The Saudi Arabian National Human Rights Society recently published on its Web site recommendations for a patient's bill of rights for HIV-positive people in an effort to encourage the government to establish a set of regulations to handle HIV/AIDS, the Khaleej Times reports. The recommendations consist of 16 articles and call on the government to develop HIV/AIDS awareness campaigns to ensure that people living with the disease are treated fairly. They also urge the government to establish a national AIDS center to collect data on HIV prevalence in the country.
The society has suggested a fine of 5,000 Saudi riyals, or about $1,300, and up to three years in prison for individuals who discriminate against HIV-positive people by firing them or expelling them from schools. The recommendations state that HIV-positive Saudis should be guaranteed job security unless they have purposefully attempted to spread the virus. Employers should offer another position to HIV-positive people whose jobs pose risks to other employees, according to the society. If it is not possible to transfer the person to another position, the employer should lay off the HIV-positive person and provide a severance package of two-thirds of his or her annual salary, the recommendations state.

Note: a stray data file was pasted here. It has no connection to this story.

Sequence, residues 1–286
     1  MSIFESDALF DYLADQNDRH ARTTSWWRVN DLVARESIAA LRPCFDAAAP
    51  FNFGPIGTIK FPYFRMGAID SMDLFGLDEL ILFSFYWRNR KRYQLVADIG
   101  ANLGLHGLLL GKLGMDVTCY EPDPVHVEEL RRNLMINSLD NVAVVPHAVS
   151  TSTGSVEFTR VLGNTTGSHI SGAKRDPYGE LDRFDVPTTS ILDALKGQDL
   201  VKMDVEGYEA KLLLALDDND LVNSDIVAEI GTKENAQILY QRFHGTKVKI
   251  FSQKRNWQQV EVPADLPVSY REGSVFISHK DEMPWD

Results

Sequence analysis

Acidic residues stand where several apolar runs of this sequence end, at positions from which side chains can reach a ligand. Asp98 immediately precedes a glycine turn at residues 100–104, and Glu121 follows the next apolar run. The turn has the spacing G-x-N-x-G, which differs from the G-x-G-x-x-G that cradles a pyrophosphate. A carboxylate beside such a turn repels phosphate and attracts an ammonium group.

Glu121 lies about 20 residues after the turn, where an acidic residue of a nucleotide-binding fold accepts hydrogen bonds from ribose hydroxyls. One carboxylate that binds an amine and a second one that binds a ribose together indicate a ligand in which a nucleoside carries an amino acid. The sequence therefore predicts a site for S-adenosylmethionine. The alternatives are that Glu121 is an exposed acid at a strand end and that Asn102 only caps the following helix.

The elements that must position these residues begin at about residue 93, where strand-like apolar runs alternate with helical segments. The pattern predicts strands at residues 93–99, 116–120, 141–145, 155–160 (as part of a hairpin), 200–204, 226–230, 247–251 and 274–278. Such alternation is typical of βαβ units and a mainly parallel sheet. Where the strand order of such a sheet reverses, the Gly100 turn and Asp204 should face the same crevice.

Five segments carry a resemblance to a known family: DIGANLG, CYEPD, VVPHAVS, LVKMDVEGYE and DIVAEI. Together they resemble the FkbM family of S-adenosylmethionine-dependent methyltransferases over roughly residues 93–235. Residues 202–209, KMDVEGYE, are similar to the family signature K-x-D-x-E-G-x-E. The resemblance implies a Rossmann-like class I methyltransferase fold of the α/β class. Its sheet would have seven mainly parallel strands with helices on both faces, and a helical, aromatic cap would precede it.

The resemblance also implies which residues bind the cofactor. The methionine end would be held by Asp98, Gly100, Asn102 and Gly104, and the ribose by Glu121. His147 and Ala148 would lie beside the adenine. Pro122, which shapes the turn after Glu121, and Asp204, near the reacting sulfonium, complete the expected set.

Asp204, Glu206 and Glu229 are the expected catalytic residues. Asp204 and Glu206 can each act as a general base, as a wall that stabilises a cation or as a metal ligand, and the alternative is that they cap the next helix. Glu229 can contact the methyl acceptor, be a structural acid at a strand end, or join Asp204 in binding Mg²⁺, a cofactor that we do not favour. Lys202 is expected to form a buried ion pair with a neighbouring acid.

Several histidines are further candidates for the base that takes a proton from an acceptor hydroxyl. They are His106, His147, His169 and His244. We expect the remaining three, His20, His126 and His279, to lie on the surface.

The recommendations were developed at a series of workshops and meetings with HIV-positive people living in Saudi Arabia and their doctors, NHRS President Bandar Al-Hajjar said. "We determined that there must be a clear system that watches out for [HIV-positive people's] rights as well as their obligations toward society," Al-Hajjar said, adding, "These patients must continue to live their lives normally and receive proper treatment." The society will seek feedback on the recommendations from NHRS members before submitting a final draft to the Saudi Ministry of Health, the Times reports (Shaikh, Khaleej Times, 8/3).
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